Buddhist-Muslim violence spreads in Myanmar
Anti-Muslim mobs rampaged through three more towns in Myanmar`s predominantly Buddhist heartland over the weekend.
Yangon: Anti-Muslim mobs rampaged through three more towns in Myanmar`s predominantly Buddhist heartland over the weekend, destroying mosques and burning dozens of homes despite government efforts to stop the nation`s latest outbreak of sectarian violence from spreading.
President Thein Sein declared a state of emergency in central Myanmar on Friday and deployed army troops to the worst hit city, Meikhtila, where 32 people were killed and 10,000 mostly Muslim residents were displaced. But even as soldiers imposed order there after several days of anarchy that saw armed Buddhists torch the city`s Muslim quarters, anti-Muslim unrest has spread south toward the capital, Naypyitaw.
A Muslim resident of Tatkone, about 80 kilometers from Meikhtila, said by telephone that a group of about 20 men ransacked a one-story brick mosque there late yesterday night, pelting it with stones and smashing windows before soldiers fired shots to drive them away. Speaking on condition of anonymity because of security concerns, he said he believed the perpetrators were not from Tatkone.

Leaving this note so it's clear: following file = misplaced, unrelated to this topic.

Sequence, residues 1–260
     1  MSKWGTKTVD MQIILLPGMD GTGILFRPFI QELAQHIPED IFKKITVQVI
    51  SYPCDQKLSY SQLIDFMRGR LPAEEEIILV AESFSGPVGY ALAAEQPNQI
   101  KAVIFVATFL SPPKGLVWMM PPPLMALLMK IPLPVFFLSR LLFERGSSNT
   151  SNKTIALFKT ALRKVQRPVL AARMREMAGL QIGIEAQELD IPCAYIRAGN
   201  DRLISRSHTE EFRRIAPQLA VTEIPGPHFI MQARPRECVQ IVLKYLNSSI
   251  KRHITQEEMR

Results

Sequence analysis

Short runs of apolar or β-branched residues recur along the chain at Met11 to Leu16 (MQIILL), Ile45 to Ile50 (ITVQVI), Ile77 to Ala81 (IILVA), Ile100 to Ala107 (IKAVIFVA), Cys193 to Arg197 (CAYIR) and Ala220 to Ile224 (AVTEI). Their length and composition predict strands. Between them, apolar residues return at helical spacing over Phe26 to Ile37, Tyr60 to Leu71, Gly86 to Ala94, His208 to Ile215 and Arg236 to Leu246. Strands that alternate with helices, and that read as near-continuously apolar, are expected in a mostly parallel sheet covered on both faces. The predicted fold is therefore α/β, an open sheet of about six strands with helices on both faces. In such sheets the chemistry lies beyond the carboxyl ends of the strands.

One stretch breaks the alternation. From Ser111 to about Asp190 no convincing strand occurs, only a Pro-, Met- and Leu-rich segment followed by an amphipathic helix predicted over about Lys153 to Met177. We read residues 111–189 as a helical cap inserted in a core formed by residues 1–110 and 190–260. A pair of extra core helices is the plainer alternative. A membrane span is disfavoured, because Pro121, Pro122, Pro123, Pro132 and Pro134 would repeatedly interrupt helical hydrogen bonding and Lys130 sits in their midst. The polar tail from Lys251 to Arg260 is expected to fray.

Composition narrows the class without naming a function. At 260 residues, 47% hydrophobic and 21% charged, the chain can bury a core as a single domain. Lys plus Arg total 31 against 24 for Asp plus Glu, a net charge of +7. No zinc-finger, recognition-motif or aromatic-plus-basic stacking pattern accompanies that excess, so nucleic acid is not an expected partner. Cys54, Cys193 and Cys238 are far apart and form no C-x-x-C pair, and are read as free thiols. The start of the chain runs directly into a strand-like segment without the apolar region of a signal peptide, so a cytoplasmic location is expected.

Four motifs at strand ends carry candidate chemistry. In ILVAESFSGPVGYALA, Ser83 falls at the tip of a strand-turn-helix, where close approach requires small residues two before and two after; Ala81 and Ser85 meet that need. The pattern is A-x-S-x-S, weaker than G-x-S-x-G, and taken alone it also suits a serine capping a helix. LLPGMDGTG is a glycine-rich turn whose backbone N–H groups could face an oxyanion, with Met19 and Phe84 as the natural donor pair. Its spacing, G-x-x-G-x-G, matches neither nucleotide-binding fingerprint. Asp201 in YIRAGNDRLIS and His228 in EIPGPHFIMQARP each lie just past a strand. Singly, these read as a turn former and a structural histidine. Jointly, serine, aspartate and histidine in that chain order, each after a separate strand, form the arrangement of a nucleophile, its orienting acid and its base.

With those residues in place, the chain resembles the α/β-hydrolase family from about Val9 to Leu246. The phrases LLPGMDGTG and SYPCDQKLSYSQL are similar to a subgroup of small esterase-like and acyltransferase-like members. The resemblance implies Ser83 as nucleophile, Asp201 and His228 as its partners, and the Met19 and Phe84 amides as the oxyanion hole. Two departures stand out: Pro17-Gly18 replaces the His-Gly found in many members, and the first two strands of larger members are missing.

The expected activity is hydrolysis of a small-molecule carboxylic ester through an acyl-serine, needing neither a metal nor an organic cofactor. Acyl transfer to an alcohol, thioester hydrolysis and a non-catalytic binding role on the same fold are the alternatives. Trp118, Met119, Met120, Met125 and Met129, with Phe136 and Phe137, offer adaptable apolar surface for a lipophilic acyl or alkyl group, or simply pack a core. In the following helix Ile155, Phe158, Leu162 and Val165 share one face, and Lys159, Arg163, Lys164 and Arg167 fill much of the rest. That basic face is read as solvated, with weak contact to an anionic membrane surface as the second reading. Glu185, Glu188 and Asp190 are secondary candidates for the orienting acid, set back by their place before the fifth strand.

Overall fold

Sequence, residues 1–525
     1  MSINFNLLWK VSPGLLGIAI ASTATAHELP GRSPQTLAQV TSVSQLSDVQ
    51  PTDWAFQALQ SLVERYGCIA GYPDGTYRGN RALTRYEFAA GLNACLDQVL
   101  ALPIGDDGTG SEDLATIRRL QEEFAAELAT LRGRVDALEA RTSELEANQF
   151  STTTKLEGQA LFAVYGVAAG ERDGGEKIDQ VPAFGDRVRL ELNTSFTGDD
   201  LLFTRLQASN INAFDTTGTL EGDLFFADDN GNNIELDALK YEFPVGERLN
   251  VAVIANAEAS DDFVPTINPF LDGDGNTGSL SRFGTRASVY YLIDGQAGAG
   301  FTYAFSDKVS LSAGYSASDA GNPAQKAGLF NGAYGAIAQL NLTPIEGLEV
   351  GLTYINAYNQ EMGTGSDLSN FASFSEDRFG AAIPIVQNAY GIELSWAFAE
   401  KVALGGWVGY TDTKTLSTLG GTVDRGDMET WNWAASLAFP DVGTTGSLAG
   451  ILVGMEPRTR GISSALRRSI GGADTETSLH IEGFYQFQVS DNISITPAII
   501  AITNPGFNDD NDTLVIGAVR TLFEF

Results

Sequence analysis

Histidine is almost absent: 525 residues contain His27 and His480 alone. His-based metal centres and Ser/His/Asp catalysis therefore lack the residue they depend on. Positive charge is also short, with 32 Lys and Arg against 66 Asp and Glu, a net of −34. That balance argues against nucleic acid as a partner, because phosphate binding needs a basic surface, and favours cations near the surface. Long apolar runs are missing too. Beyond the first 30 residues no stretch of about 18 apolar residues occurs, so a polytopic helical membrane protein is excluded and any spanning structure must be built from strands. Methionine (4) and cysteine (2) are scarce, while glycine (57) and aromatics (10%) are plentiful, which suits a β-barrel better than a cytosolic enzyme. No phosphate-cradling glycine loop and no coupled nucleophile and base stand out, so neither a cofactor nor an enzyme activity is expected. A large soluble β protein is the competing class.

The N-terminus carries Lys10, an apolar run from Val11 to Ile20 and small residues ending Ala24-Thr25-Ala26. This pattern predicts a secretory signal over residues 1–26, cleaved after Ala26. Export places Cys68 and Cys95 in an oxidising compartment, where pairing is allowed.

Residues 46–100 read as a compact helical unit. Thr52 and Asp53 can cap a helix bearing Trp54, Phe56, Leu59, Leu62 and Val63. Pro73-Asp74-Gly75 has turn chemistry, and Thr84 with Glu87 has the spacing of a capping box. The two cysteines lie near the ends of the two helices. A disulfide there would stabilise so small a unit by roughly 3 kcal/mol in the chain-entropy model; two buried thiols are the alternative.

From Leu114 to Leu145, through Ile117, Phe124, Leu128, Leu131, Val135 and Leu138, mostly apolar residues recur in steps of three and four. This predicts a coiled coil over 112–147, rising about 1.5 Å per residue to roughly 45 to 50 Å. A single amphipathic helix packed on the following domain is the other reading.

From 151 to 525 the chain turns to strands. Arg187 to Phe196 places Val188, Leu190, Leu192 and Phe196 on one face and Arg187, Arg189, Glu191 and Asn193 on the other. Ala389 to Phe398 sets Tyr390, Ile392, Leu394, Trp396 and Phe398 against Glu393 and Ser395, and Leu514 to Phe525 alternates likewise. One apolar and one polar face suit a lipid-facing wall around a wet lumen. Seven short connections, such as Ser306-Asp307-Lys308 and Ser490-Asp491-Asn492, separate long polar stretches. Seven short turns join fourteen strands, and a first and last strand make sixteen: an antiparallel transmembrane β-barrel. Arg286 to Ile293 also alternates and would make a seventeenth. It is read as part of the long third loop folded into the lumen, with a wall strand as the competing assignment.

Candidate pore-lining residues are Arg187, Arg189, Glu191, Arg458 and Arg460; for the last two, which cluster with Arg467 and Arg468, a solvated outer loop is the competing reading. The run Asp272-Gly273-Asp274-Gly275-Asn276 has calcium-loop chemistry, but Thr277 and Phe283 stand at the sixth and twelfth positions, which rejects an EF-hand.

A day earlier, another mob burned down a mosque and 50 homes in the nearby town of Yamethin, state television reported. Another mosque and several buildings were also destroyed the same day in Lewei, farther south. It was not immediately clear who was behind the violence, and no clashes or casualties were reported in the three towns.
The upsurge in sectarian unrest is casting a shadow over Thein Sein`s administration as it struggles to bring democratic reform the Southeast Asian country after half a century of Army rule officially ended two years ago this month.
Two similar episodes rocked western Rakhine state last year, pitting ethnic Rakhine Buddhists against Rohingya Muslims in bloodshed that killed hundreds and drove 100,000 from their homes.
The Rohingya are widely denigrated as illegal migrants from Bangladesh and most are denied passports as a result. The Muslim population of central Myanmar, by contrast, is mostly of Indian origin and does not face the same questions over nationality.
The emergence of sectarian conflict beyond Rakhine state is an ominous development, one that indicates anti-Muslim sentiment has intensified nationwide since last year and, if left unchecked, could spread.